If you want to see how infographics can be fully leveraged to improve your website’s ranking, check out this case study we published about how we use an infographic, in part, to earn 85 free backlinks for our client.


Lists that feature your products are great link building opportunities because they’re the most likely of these to also send referral traffic your way.

This means that effective execution of a campaign like this can have a direct impact on sales and SEO performance.

I wasn’t able to find many helpful resources online, so to execute this one, just search “best {{product}}” and you’re likely to turn up a ton of lists.

From here, just send them an email similar to the template below:

The template is pretty simple and straight to the point, but you can work this to fit your own needs.

For list outreach, buying backlinks might make sense if the placement will send referral traffic. Google knows about this and their algorithm usually discounts these placements.

For example, if I reached out to this list and they asked me to pay $1,000 for a link, I’d probably pay for it because they get over 80k visitors per month from search, which means there’s lots of potential for referral traffic from people clicking the link.


Google doesn’t mind the specific internet practice of paying for link placements – they just don’t want you to buy links that are intended to pass PageRank.

If you are paying for the list placement, just keep this section of Google’s Paid Link Quality Guidelines in mind:

Buying in-context links in an attempt to drive referral traffic is not a violation of Google’s webmaster guidelines.

Common questions about buying backlinks

Here are some questions people often ask about the practices of buying backlinks for SEO.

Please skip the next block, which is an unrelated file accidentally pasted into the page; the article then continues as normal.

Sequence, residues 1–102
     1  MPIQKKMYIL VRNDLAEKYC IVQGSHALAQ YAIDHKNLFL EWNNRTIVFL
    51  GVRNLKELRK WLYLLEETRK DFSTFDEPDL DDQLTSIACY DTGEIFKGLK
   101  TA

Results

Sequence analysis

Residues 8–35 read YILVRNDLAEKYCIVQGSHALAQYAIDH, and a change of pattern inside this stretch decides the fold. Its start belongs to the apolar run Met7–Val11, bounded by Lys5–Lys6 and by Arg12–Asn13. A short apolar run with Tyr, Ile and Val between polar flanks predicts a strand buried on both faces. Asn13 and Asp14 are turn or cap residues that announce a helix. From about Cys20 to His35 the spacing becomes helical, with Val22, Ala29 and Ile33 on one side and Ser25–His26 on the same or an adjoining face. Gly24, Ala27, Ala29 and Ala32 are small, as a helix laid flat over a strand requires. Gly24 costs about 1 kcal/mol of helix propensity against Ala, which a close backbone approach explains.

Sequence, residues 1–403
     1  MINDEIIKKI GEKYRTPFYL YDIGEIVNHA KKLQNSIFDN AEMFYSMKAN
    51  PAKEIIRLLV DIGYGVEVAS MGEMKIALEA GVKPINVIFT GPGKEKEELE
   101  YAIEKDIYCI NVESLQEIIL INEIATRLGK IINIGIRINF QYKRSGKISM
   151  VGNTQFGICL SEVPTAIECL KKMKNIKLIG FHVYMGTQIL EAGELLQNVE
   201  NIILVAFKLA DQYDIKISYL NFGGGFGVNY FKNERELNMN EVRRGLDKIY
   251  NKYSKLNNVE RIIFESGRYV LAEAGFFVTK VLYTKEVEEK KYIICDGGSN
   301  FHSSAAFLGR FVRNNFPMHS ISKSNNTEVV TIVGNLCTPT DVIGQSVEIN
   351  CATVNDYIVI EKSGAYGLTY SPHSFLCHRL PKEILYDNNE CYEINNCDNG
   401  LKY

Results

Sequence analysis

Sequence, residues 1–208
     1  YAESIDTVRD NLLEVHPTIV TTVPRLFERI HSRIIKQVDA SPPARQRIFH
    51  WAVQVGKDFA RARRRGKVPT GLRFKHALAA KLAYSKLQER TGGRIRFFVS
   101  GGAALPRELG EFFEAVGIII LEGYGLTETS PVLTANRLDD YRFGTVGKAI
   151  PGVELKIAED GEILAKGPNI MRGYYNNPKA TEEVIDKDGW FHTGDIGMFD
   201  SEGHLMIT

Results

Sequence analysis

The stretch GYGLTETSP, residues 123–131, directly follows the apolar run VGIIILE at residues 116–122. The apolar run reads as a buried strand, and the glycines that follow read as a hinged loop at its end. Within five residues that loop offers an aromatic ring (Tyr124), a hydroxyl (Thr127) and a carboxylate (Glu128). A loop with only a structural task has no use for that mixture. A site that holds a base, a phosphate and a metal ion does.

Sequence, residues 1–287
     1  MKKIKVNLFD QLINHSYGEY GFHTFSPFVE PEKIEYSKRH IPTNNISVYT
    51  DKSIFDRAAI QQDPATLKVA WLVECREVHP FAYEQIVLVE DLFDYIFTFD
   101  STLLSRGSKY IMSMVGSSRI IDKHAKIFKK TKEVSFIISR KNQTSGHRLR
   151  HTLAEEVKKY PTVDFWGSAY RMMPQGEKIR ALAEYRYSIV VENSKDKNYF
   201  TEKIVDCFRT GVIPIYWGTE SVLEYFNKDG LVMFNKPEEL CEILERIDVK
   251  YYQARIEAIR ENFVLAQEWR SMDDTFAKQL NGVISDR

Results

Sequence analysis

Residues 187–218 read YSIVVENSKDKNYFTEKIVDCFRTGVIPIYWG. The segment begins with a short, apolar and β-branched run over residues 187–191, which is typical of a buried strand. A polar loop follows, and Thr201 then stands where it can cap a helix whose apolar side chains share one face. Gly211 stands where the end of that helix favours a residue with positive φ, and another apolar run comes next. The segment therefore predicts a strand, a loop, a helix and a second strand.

1. Is buying backlinks illegal?

It can be. It depends on if the link placement has the potential to influence a buying decision. If it does, the FTC may see this as an endorsement, in which case, you’re required to disclose the relationship. This means disclosing the payment of the link placement, which would defeat the purpose of this as then Google would know, too.

For example, payment for a link to your DAW software in a list like this without disclosure would be illegal:


Currently, there are no specific laws around the practice of buying backlinks, but it’s possible that, with the advertising laws already in place, the behavior can be seen as deceptive.

Content pages are likely fine because you’re sharing information, but if you’re buying links that are pointing to sales pages, that’s where you land in muddy waters if the placement has potential to influence buying decisions.

2. Do affiliate links count as backlinks?

Technically, an affiliate link is a backlink.

However, they don’t pass any SEO value.

With some independent affiliate programs that use referral codes, it may be possible to work around this, but many affiliate programs pass users through a URL on their domain known as a Postback URL to track clicks and user data.


Google can easily see this and attribute the link to an affiliate network.

3. Does Google know if I buy a backlink on a big website like Forbes or Business Insider?

Probably. Most links that are paid for on these platforms are published via “contributor” profiles rather than from an in-house writer.

Google can see the difference and build some assumptions from there. Things like surrounding text and the actual purpose of the link would factor in for these sites.

Regardless, the higher up editors will take appropriate action if they suspect anything, so you may eventually lose the link anyway.


For big links like these, digital PR is more effective than trying to pay for them.


You can very easily pay for backlinks inexpensively without a backlink service. A freelancer and the process above will do just fine.

But paid links suck and Google knows about a lot of them, so you’re likely burning your money for most of them.

It’s better to leverage a link building campaign like guest posting that provides real value to bloggers in your niche. Doing this on your own, or hiring an agency to do it, is how you earn backlinks.

If you think I missed something or need clarification, drop a comment below. 👇